Fifth and Sixth are two books about the First World War – the first a contemporary novel, The Happy Tree by Rosalind Murray, reprinted this year by Persephone Books. Not actually all that much about the war, as it turned out, but instead a very powerful book about regrets and hopes and learning to be content with what life hands you, and it has a stunningly written portrayal of a childhood home that took my breath away. I haven’t been enormously enamoured with Persephone’s choice of new books of late, but this one really reminded me of how superb their selections can be. The second book about the war was Pat Barker’s modern take on the war, Regeneration, which I inhaled over the course of a few days and found absolutely compelling. Barker’s writing style is so fresh and readable, and she chose a fascinating angle to explore in this account of Craiglockhart war hospital. If you’ve never read it, you must!

Two historical books take seventh and eighth place. I loved reading My Own Story by Emmeline Pankhurst after watching the powerful and moving Suffragette at the cinema. It is preachy and hyperbolic in places, and certainly not an unbiased account of affairs, but still an eye opening and passionate revelation of the hideous treatment of women in the 19th and early 20th centuries, and it really should be required reading for those who think that feminism is unnecessary. I was also amazed by what I learned from reading Neil Oliver’s A History of Ancient Britain – I may have had to read this for work, but I loved every moment of it. Who knew how sophisticated Stone Age Britons were? I certainly didn’t, and it gave me a real education. Neil Oliver writes with such zest, and he really manages to bring history to life. I’ve already got more of his books lined up to read.

Finally, my ninth book of the year is a YA novel, read for work, but again, a surprising delight and one that actually moved me to tears. I’d never read any Neil Gaiman before, and fantasy most certainly is not usually my cup of tea at all, but The Graveyard Book is a wonderfully imaginative, inventive and emotive exploration of a boy’s journey to young adulthood, in a very unusual setting, and it’s most definitely not just for kids. I’d really encourage you to give it a try.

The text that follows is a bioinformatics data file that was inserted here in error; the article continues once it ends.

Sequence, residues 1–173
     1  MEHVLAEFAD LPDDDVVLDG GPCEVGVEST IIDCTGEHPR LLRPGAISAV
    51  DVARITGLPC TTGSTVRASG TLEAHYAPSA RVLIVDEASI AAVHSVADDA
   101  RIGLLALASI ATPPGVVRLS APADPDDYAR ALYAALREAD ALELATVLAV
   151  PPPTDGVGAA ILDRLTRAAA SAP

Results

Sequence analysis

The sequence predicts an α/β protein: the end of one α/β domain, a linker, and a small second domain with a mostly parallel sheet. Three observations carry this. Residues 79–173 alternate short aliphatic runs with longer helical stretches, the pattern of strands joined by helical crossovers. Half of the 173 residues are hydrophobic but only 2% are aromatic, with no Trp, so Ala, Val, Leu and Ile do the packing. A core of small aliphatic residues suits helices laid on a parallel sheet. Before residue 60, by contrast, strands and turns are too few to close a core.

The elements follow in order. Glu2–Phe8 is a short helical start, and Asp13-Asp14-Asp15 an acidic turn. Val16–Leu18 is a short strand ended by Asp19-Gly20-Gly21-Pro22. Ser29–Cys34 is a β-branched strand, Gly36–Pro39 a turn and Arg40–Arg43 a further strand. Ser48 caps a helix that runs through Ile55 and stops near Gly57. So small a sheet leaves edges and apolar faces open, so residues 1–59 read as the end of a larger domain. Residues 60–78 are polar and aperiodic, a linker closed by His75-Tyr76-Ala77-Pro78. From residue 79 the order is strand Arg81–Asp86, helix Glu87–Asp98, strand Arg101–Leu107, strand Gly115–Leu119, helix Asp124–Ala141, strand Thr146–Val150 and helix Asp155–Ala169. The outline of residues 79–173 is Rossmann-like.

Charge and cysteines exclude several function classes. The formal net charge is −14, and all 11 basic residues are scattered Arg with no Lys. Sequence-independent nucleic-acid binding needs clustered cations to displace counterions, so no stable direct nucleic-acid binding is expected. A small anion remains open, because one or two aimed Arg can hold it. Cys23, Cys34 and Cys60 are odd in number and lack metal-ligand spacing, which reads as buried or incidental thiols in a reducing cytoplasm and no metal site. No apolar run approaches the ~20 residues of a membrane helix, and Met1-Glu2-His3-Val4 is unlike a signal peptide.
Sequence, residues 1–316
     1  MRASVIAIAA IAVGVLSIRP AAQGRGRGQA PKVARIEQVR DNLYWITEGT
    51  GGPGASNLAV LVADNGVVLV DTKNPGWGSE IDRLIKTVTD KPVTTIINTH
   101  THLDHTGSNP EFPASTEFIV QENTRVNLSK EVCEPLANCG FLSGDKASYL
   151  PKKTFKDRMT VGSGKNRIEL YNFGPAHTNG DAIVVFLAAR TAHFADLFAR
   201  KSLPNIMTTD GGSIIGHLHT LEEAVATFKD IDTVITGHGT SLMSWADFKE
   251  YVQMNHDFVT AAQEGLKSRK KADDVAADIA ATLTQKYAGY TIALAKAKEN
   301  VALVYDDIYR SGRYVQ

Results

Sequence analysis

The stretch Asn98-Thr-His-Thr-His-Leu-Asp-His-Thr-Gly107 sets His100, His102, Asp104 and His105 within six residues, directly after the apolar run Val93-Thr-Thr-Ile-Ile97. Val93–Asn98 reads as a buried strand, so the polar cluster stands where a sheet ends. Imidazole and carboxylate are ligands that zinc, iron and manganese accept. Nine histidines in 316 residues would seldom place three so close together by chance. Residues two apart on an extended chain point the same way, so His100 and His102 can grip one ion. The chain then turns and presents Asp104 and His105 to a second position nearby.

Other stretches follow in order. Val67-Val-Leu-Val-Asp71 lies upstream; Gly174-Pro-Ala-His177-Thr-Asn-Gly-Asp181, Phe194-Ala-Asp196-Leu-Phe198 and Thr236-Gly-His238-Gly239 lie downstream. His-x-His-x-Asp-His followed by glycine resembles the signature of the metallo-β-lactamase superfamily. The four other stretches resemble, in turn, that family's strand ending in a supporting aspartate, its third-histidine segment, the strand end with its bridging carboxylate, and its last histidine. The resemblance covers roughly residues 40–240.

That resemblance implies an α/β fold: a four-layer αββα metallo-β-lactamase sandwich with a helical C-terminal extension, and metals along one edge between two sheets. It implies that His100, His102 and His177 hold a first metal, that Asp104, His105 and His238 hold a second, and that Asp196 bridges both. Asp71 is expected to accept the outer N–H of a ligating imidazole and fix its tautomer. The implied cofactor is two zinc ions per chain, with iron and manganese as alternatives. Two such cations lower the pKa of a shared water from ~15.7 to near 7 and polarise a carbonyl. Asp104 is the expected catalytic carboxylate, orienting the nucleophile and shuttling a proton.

So that’s my books of 2015. I have no reading plans at all for 2016, because I know from experience that there is no point, as I won’t stick to them anyway. I shall simply read whatever I feel like. Hopefully I’ll get through a fair few of the books I’ve had hanging around on my shelves for years, but with Oxfam’s biggest second hand book shop right next door to where I work, I wouldn’t bet on it…

Happy New Year everybody, and thank you once again for reading! See you in 2016!

14 comments

  1. A wonderful post from you as the year ends, Rachel. I haven’t read much myself this year, much to my dismay, and hope to settle in to some good reads, including some Christmas and birthday gifts, as the new year steps in. “Wolf Hall” in definitely on the top of the pile.
    I hope you had a Happy Christmas and wish you the best in the New Year.

  2. I read Invitation to the Waltz six months or so ago and really loved it. I had no idea there was a sequel. I will have to order that. I have been debating trying Wolf Hall, I wasn’t sure it was my kind of book, but if you recommend it I will give it a try.

  3. I am determined that 2016 will be the year I read something by William Maxwell – mind you, I’ve said that every year since 2012. I’ve just been working on my own best of 2015 list and a book he edited is on there, but that’s as close as I’ve come. 2016 it must be!